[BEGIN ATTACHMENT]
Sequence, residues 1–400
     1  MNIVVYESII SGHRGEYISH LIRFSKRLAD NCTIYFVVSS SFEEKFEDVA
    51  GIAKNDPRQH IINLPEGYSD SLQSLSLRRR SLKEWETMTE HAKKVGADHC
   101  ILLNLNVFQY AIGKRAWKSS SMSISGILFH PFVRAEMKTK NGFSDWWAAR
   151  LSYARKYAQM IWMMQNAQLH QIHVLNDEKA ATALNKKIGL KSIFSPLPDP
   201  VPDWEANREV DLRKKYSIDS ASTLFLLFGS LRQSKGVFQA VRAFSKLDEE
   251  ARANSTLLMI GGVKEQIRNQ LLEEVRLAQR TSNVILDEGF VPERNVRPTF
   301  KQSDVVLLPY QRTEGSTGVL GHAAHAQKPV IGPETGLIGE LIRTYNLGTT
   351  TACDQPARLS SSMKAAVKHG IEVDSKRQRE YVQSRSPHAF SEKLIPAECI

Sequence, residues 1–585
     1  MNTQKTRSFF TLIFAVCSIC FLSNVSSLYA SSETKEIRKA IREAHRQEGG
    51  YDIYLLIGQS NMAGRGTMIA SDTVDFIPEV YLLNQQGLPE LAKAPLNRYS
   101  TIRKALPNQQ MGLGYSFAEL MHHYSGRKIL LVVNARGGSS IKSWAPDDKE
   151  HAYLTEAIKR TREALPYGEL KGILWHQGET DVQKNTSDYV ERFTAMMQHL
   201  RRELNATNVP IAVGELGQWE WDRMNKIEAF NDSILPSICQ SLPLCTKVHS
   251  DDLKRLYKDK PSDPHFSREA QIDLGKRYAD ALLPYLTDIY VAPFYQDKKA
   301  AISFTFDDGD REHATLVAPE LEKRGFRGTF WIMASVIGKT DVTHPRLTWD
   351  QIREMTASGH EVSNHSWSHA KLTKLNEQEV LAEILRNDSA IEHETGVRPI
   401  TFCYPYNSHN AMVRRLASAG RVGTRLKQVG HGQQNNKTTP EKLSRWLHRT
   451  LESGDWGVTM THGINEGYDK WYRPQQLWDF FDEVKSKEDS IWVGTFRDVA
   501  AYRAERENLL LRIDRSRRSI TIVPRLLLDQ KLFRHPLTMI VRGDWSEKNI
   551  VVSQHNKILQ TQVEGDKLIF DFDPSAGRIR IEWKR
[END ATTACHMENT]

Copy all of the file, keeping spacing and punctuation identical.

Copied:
Sequence, residues 1–400
     1  MNIVVYESII SGHRGEYISH LIRFSKRLAD NCTIYFVVSS SFEEKFEDVA
    51  GIAKNDPRQH IINLPEGYSD SLQSLSLRRR SLKEWETMTE HAKKVGADHC
   101  ILLNLNVFQY AIGKRAWKSS SMSISGILFH PFVRAEMKTK NGFSDWWAAR
   151  LSYARKYAQM IWMMQNAQLH QIHVLNDEKA ATALNKKIGL KSIFSPLPDP
   201  VPDWEANREV DLRKKYSIDS ASTLFLLFGS LRQSKGVFQA VRAFSKLDEE
   251  ARANSTLLMI GGVKEQIRNQ LLEEVRLAQR TSNVILDEGF VPERNVRPTF
   301  KQSDVVLLPY QRTEGSTGVL GHAAHAQKPV IGPETGLIGE LIRTYNLGTT
   351  TACDQPARLS SSMKAAVKHG IEVDSKRQRE YVQSRSPHAF SEKLIPAECI

Sequence, residues 1–585
     1  MNTQKTRSFF TLIFAVCSIC FLSNVSSLYA SSETKEIRKA IREAHRQEGG
    51  YDIYLLIGQS NMAGRGTMIA SDTVDFIPEV YLLNQQGLPE LAKAPLNRYS
   101  TIRKALPNQQ MGLGYSFAEL MHHYSGRKIL LVVNARGGSS IKSWAPDDKE
   151  HAYLTEAIKR TREALPYGEL KGILWHQGET DVQKNTSDYV ERFTAMMQHL
   201  RRELNATNVP IAVGELGQWE WDRMNKIEAF NDSILPSICQ SLPLCTKVHS
   251  DDLKRLYKDK PSDPHFSREA QIDLGKRYAD ALLPYLTDIY VAPFYQDKKA
   301  AISFTFDDGD REHATLVAPE LEKRGFRGTF WIMASVIGKT DVTHPRLTWD
   351  QIREMTASGH EVSNHSWSHA KLTKLNEQEV LAEILRNDSA IEHETGVRPI
   401  TFCYPYNSHN AMVRRLASAG RVGTRLKQVG HGQQNNKTTP EKLSRWLHRT
   451  LESGDWGVTM THGINEGYDK WYRPQQLWDF FDEVKSKEDS IWVGTFRDVA
   501  AYRAERENLL LRIDRSRRSI TIVPRLLLDQ KLFRHPLTMI VRGDWSEKNI
   551  VVSQHNKILQ TQVEGDKLIF DFDPSAGRIR IEWKR